Earlier this year Apple challenged a court order requiring it to help the FBI unlock the iPhone of the San Bernardino assailant. Apple resisted, arguing that complying with the request had the potential to broadly compromise iPhone security. The FBI discontinued its case against Apple after a third party was able to hack into the iPhone’s older operating system.
A similar legal conflict just ended between Apple and the US government over a different model iPhone in New York. In that case Apple attempted to use the court proceedings to force the government to turn over details of how they hacked into the first iPhone. Their argument was that the government failed to show that intervention is necessary as there are apparently alternate means of accessing the iPhone’s content. Apple could use the details of the hack to patch weakness in the security of its devices in the future. This matter ended when the government advised the court that they obtained access to the device using a passcode.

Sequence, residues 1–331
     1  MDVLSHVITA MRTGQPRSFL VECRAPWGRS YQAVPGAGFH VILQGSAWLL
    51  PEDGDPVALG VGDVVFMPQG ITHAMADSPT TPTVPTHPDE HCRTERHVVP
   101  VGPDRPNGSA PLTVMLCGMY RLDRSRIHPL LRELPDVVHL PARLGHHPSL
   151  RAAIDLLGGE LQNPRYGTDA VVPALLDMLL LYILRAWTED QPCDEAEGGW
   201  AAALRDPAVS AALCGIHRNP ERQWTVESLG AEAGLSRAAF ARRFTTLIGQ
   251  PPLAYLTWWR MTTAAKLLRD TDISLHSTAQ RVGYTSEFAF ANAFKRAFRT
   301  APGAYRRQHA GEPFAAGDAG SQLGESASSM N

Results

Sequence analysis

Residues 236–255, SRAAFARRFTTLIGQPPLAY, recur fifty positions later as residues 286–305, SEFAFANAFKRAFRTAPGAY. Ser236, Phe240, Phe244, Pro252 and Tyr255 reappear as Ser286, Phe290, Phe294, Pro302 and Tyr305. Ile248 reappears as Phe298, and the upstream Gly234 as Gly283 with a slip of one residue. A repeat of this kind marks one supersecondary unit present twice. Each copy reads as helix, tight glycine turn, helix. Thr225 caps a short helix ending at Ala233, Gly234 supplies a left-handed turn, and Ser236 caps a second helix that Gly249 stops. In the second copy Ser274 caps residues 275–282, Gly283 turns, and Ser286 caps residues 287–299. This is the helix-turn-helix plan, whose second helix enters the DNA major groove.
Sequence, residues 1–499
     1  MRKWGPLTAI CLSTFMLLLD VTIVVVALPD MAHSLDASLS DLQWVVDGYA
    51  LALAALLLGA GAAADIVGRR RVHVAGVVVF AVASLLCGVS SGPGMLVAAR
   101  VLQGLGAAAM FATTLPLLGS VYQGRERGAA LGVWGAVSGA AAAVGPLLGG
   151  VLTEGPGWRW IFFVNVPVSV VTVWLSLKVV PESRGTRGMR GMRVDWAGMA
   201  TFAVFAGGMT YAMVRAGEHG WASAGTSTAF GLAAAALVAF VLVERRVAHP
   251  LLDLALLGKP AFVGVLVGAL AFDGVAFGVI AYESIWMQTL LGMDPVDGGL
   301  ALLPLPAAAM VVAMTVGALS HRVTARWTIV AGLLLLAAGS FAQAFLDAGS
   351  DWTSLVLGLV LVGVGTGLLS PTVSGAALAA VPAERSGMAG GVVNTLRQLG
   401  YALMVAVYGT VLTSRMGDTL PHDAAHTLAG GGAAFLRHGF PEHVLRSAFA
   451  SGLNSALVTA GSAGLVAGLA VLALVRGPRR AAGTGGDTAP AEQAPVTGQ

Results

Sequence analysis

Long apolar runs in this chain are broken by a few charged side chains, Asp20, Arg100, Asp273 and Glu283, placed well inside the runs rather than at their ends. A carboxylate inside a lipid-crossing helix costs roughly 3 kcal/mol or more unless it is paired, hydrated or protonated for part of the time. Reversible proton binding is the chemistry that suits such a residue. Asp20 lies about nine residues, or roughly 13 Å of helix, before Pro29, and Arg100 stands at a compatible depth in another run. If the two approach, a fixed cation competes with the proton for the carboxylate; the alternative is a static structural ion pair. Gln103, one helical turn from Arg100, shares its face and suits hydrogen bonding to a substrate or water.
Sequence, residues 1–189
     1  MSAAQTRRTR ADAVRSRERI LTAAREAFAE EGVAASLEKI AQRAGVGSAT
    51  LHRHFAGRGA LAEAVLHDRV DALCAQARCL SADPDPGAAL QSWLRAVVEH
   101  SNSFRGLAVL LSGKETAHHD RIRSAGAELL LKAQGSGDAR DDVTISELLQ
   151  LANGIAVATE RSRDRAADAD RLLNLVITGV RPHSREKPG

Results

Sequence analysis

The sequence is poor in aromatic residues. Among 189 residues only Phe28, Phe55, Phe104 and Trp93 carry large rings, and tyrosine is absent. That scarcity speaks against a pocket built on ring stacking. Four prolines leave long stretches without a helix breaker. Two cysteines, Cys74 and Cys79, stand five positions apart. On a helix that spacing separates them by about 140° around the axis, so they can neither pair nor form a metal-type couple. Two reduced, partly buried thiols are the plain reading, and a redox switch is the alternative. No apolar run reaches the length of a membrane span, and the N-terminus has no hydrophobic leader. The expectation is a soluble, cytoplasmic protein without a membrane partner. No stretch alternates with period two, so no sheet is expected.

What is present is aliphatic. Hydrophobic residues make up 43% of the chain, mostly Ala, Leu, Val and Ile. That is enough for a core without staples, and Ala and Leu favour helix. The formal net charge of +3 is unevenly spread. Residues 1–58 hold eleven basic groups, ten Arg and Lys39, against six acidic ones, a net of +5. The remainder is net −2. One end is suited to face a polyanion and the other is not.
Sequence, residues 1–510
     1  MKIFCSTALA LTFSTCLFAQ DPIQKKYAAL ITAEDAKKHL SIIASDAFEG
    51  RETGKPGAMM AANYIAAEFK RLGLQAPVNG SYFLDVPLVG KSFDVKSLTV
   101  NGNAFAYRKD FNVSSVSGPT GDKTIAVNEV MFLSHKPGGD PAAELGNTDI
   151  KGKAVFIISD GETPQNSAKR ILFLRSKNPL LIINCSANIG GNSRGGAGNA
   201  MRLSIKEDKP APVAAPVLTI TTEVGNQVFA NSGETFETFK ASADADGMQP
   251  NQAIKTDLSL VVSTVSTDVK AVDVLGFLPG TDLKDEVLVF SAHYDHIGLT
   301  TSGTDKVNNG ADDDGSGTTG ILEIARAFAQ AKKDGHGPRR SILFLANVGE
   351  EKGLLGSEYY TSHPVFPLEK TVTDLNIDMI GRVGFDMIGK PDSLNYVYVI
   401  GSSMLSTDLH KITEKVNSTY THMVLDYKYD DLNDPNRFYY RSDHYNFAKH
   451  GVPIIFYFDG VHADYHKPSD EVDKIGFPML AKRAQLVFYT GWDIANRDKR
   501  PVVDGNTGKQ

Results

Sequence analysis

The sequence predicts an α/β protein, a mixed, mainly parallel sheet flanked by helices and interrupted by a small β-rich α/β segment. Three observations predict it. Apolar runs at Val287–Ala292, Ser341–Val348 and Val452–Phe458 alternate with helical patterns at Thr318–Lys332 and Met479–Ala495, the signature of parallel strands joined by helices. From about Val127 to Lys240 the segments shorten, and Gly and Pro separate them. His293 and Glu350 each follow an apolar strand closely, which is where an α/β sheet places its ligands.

The extent to which tech companies should comply with government access requests is still subject to debate The battle between the state and technology companies is far from over. In the US, a bill has been drafted by the U.S. Senate proposing that companies must provide data in an intelligible format on receipt of a court order. Whether this proceeds beyond a draft, and whether public opinion influences the process, will be of interest to privacy advocates.
The security by surveillance vs. privacy by encryption battle has cast Apple as the good guys, trying to protect our privacy from the prying eyes of the US government. Their marketing department must be very proud. We have seen other tech companies riding the wave of support for device privacy: WhatsApp increased its encryption program, and received very positive media attention for doing so. In Canada, there is some information to suggest that Blackberry was more receptive to government access requests. We will look at whether this type of capitulation will be lauded or lampooned in Part 2 of this blog.
LAWYERED. the podcast, speaks with Susan Wortzman about privacy law.
Some of the topics include: personal information collection, the right to be forgotten and the legal side of cybersecurity.
Click here to listen to the full episode: http://lawyeredpodcast.com/swortzman
In the article, “Mobile devices gaining importance in probes”, Chuck Rothman said that with regards to cell phones and other mobile devices that they can contain “relevant information that shouldn’t be ignored”.